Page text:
I can’t recall the last time I watched a program on TVB. For a long period of time, I used to watch TVB news occasionally and check out its weather report when there was a typhoon. But now, I don’t even bother.
It might sound a bit cliche for someone considered a “digital guy” to say that. But to me, the fact is, it is only a matter of choices rather than a competition between traditional and new media.
Welcome to the era of choice, and I’m just talking about video content here. The amount of local or international content that we can choose from, whether it from my paid TV set-top box, Apple TV, YouTube, Vimeo, Apple Action News or Bloomberg iPad app, is enormous and is easily accessed anytime, anywhere, and most importantly, any screen.
Last week, I learned from local news (sorry, not TVB again but a free newspaper) that the new TVB talk show Sze U Tonight is being accused as a copycat from those famous US TV shows. My first reaction, instead of turning on my television or getting on the app myTV, was to “YouTube” it.
It was no surprise that I couldn’t find any official content of Sze U Tonight on YouTube, not even a trailer. Instead, I found a couple of unofficial clips including one that was stolen from Apple Action News. The clip is also about ranting how this show as a copycat.
The TVB comedian Johnson Lee is notorious for his impersonations of other local celebrities. So I am not surprised that this time, he could impersonate Jimmy Fallon, David Letterman, Jimmy Kimmel or anyone else simultaneously.
But I have no interest to argue how similar his impersonations were. I am more curious if the news about this TVB show did trigger Hong Kong audience who haven’t watched Jimmy Fallon, David Letterman and others, to go and “YouTube” the “original” content.
That triggered me to do some basic research on Google Trends a week after. It showed a spike on the demand of these US comedians from Hong Kong lately. Jimmy Fallon is on the top of the game. I couldn’t reach the representatives of YouTube to reconfirm when writing this article. But from my educated guess, I believe it should be a correlation.
In fact, all of these US comedians have an official YouTube channel. You can watch most of the latest content from their official accounts. I used to watch Late Show with David Letterman on ATV International (yeah, ATV did have good content). Now I can watch the show’s highlights right on YouTube. At home, I can even stream the video to my big LED TV via Apple TV.
“Before you ask, Google it”. This is what we used to say. But I believe this is what we say now: “Before you ask, YouTube it”.
Over the past two months I have been moonlighting a music column for a local monthly magazine. In every issue, I interview one local musician and ask them how they learn music.
My first guest was Subyub Lee, a 23-year-old talented guitarist and singer-songwriter. I asked how he learned his virtuoso guitar techniques and if he was formally trained. He told me that basically he learned almost everything from YouTube.
Subyub inspired me the fact that for the YouTube generation, when they want to look for answers about anything, be it a specific skill, technique, knowledge, music, movie, show, or literally almost anything. They might skip the step to Google but go straight to YouTube to find out the answers. It is because the answers they prefer are in video format.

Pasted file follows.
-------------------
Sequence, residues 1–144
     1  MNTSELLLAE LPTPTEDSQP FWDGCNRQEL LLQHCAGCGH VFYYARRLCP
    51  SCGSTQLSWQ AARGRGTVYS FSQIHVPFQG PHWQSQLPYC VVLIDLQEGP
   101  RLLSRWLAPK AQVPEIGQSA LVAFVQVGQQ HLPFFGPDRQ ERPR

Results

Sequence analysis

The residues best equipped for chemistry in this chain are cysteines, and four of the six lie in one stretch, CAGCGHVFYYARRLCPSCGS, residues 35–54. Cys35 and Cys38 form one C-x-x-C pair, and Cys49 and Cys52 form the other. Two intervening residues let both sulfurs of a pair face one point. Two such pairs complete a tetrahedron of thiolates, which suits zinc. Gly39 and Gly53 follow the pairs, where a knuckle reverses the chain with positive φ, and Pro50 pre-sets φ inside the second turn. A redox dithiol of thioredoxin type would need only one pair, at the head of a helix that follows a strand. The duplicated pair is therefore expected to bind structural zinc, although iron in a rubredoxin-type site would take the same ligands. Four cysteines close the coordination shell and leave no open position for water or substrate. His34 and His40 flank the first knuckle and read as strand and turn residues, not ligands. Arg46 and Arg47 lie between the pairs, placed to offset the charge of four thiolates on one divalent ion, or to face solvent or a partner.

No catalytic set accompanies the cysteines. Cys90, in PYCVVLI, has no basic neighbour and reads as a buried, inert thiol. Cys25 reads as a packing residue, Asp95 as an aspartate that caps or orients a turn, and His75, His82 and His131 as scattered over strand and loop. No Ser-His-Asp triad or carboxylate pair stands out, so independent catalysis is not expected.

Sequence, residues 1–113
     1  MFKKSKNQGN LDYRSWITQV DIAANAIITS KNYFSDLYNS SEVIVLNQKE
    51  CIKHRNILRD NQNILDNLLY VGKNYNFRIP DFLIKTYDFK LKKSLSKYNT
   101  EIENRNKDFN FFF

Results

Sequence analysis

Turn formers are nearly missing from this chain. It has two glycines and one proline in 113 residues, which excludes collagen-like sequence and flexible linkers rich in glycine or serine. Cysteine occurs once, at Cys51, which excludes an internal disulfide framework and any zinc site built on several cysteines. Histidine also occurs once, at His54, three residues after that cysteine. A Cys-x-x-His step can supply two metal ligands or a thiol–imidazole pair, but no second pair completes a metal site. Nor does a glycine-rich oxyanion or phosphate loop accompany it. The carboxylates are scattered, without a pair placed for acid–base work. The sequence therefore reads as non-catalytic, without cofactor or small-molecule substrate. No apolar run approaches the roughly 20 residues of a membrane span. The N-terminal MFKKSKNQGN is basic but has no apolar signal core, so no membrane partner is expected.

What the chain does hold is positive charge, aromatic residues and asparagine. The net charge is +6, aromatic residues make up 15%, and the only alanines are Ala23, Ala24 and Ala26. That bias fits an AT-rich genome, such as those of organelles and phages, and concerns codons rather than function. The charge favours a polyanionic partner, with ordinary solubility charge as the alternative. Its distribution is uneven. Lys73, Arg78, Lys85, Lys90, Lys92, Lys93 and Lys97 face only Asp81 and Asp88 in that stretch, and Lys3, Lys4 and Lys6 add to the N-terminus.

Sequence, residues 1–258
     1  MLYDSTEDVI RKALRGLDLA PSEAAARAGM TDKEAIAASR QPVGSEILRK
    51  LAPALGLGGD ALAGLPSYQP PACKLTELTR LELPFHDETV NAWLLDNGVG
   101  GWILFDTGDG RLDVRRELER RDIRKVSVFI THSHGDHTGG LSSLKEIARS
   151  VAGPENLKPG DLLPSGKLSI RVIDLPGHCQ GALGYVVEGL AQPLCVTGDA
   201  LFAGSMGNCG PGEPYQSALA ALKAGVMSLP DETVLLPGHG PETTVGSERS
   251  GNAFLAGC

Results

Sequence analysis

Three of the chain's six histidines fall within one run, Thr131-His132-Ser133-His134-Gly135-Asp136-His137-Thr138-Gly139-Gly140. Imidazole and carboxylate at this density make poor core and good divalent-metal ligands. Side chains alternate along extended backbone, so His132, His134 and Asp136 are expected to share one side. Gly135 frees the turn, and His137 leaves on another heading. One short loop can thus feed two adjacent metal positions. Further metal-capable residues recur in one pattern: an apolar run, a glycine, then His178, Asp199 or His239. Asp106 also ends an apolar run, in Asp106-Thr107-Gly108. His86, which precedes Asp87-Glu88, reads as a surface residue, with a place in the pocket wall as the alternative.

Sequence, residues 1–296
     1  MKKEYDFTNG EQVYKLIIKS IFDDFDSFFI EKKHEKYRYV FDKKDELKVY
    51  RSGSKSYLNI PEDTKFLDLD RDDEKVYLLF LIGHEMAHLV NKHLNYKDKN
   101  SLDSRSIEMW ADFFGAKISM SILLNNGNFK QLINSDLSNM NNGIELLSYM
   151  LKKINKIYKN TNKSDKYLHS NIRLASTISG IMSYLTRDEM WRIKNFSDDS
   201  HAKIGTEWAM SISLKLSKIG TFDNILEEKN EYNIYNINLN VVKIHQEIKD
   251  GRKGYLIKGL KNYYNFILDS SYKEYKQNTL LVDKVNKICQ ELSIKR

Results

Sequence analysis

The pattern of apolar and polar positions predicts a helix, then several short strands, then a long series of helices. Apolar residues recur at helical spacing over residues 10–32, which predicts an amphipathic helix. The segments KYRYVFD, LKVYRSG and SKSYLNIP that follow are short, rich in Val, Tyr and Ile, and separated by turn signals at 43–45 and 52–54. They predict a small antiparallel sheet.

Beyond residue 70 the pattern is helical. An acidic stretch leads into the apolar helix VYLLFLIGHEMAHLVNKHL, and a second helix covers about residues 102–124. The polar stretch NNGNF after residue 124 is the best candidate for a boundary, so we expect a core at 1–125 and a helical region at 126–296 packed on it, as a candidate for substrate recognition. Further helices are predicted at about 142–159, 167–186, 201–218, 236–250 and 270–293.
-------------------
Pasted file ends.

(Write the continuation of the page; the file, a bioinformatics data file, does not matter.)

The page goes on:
Welcome to the era of video-on-demand consumers. The results of the post-MTV second generation.
As we all know, Facebook is also driving aggressively on video content lately. And they will definitely become a competitive rival for YouTube.
In the light of this, many brands are prepared. What has seen there is a growing trend for Pages (brand, publisher, or hobbyist) uploading video directly to their Facebook account instead of posting a link from YouTube or other sources. But I have found very few are originally produced by the Pages’ owner. Shamefully, I have seen a majority of Facebook video content these days are stolen from other video sites.
I am a strong believer that the fundamental online behaviour is based on search, no matter it is a vertical channel or social network. No matter how big the number of shares or likes of these Facebook videos is, as most of them are still unsearchable, it can only become a temporary hit. For a same piece of video content, it’s still lacking of a long tail effect like those hosted in a search engine friendly website.
Back to this “YouTube it” behaviour and the curious case of Sze U Tonight, it triggered me to think, as a marketer, how can we leverage on this ecosystem between various media channels that can trigger such cross-screen search action?
Can an outdoor billboard, TV commercial, print ad trigger a target audience to search for a piece of video content (not an extended version of TV commercial please)?
Can we craft the messages or even keywords that can trigger someone to “YouTube it” from their mobile or tablet after seeing our ads?
Can we produce our video content in a mobile friendly context?
You don’t need a crystal ball to predict mobile video content is the new black. But the key is that how we can oversee various media channels from a holistic perspective rather than still argue between traditional and digital.
Generating online video content that can extend the brand storytelling from other media channels is also the key. And these content shouldn’t be just a variation of TV commercial or advertisement. They should be quality content that can bring value to our customers. Ultimately, the goal is to bring back value to build our brand.
Google Trends Results On Web Search.
Google Trends Results On YouTube Search.
Rudi Leung is Partner & Co-Founder at Turn Plus.